These studies show once again that stereotyping, limiting the scope of what one is presenting and going for a short term eyeball grab is not building the same amount of interest or loyalty that allows a product to thrive. Especially important as generations who have seen it all and had access to it all mature, shock value and gimmicky sexualization are not the tools they once were in the arsenal of getting ones message across. Seducing, enticing, showing that there is substance beneath the gloss of an initial reaction is essential to creating a relationship with a piece of advertising, or the creation of a character that people want to engage.

Friday, January 1, 2010

2010- Franchises aimed at Girls and Women

Happy New Year Everybody!

I don't know what all of you hope for in the new year, I know I'm looking forward to my second baby and consequently being able to eat sushi and drink again. But what about Entertainment Franchises aimed at girls and women? What possible gems and... "not gems" are in store for us all in 2010?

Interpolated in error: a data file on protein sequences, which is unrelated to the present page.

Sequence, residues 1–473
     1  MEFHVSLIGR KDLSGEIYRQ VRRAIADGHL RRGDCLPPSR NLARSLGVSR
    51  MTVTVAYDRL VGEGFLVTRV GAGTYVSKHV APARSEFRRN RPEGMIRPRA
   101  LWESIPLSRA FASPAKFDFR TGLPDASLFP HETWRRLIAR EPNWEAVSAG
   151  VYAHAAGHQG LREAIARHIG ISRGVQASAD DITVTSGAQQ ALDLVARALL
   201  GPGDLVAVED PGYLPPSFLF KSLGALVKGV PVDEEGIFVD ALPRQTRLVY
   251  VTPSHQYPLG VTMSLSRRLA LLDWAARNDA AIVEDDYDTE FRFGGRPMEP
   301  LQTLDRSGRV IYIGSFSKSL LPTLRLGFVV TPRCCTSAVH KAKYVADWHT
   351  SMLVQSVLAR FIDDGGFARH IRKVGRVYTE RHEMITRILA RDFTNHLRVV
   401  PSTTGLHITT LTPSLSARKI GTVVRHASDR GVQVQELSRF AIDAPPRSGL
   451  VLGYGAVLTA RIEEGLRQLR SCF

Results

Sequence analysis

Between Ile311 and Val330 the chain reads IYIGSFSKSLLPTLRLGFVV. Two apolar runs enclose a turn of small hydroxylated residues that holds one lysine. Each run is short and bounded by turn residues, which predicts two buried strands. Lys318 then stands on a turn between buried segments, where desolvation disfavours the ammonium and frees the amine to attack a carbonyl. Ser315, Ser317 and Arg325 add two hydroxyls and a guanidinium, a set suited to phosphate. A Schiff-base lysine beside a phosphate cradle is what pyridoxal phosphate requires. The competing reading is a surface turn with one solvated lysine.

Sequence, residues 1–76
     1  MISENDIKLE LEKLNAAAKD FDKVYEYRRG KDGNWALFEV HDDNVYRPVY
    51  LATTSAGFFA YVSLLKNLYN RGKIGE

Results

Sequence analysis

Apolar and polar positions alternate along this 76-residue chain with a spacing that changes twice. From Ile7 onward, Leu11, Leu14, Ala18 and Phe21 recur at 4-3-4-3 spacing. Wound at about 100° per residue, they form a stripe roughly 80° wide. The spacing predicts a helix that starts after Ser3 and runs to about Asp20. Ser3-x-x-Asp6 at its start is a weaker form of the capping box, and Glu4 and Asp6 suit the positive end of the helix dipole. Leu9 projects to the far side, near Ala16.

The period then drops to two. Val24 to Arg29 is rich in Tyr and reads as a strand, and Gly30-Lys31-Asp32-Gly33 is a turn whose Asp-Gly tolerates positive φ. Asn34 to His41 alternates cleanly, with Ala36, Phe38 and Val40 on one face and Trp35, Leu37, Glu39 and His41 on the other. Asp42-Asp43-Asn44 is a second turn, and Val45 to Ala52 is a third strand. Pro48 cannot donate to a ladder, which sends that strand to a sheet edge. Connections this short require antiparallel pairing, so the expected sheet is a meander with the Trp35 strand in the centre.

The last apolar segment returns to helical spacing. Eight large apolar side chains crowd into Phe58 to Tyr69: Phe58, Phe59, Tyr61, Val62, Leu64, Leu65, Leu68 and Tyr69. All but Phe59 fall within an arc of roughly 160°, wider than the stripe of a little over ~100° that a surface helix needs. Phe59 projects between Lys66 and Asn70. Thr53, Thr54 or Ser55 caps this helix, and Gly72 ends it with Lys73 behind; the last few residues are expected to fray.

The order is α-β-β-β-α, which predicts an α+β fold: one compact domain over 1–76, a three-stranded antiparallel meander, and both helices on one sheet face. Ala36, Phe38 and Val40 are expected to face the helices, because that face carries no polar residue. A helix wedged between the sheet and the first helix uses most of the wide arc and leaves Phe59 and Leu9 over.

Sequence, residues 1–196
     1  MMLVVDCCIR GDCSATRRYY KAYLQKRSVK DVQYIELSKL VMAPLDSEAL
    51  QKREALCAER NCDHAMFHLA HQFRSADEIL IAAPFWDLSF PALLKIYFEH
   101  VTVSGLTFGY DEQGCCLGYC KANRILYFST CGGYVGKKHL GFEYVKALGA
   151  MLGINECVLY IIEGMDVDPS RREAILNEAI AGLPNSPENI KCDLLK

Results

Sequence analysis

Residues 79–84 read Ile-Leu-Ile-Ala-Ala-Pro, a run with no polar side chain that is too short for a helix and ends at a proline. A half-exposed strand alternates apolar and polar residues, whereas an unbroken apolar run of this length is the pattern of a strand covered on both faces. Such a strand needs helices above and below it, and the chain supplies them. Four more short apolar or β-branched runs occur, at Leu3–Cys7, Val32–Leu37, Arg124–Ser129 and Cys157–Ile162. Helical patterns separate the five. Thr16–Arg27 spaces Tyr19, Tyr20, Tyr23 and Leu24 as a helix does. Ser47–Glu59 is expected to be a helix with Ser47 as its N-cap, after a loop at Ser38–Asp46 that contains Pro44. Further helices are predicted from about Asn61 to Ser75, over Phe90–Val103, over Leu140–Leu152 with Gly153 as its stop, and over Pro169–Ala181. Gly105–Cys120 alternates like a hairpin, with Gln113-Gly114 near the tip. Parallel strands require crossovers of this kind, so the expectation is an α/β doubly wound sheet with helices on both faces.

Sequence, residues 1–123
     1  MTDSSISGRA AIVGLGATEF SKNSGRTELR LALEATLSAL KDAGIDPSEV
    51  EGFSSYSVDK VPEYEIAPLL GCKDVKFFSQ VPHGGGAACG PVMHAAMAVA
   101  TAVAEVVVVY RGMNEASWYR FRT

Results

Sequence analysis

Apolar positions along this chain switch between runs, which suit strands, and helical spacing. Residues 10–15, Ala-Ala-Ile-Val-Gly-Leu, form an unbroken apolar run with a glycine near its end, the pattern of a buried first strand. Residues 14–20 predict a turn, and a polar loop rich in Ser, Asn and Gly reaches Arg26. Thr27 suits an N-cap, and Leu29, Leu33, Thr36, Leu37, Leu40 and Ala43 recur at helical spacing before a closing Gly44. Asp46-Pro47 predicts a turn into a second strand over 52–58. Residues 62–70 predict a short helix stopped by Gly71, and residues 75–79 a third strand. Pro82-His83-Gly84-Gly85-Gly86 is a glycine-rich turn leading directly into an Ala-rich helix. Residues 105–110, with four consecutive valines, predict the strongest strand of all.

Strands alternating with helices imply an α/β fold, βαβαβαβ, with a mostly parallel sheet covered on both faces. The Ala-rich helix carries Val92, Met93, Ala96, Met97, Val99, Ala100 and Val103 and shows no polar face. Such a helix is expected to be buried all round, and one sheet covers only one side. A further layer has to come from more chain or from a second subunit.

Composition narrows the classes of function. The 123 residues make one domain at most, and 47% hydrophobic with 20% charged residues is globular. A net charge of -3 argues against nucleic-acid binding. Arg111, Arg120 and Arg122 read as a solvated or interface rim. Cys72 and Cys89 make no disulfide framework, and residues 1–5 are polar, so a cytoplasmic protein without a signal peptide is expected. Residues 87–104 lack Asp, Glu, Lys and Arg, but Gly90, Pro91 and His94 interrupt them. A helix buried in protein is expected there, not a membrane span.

So here's a list of franchise extensions and potential franchise starters on major mass media platforms in 2010. The most exciting part of the whole chore of listing these is the certain knowledge that there are going to be a number of things that are going to pop seemingly out of nowhere to charm, delight and surprise.

In Feature Film:
(Before July 2010, thanks for not looking at August yet)

Twilight: Eclipse
Sex and the City 2

On Prime Time Television:

Cougar Town

Ugly Betty

The Good Wife


Gossip Girl

America’s Next Top Model

Life Unexpected

The Vampire Diaries

Nurse Jackie

My Life as Liz

The Real Housewives of New York

The United States of Tara

Fly Girls

The Secret Life of the American Teenager

Make it or Break It


In Video Games: (For Major Consoles and MMO, does not include casual games)

Hello Kitty Online

Let’s Play Flight Attendant (Nintendo DS)

Let’s Play Ballerina (wii/ds)

This list is nowhere near comprehensive, there HAS to be more out there, but it does represent what I can find out about online in one afternoon by searching major sites, which in and of itself says something. If I can't find more easily, people with less desire to can't either. Regardless, girls in 2010 should have plenty of time to create their own new work if these are the pickings being aimed at them.